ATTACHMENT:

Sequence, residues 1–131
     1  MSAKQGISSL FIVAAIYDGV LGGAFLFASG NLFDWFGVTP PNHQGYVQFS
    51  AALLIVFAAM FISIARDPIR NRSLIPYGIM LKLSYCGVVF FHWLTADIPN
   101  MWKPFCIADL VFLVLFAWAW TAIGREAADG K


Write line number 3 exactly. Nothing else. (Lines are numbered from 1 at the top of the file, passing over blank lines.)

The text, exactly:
    51  AALLIVFAAM FISIARDPIR NRSLIPYGIM LKLSYCGVVF FHWLTADIPN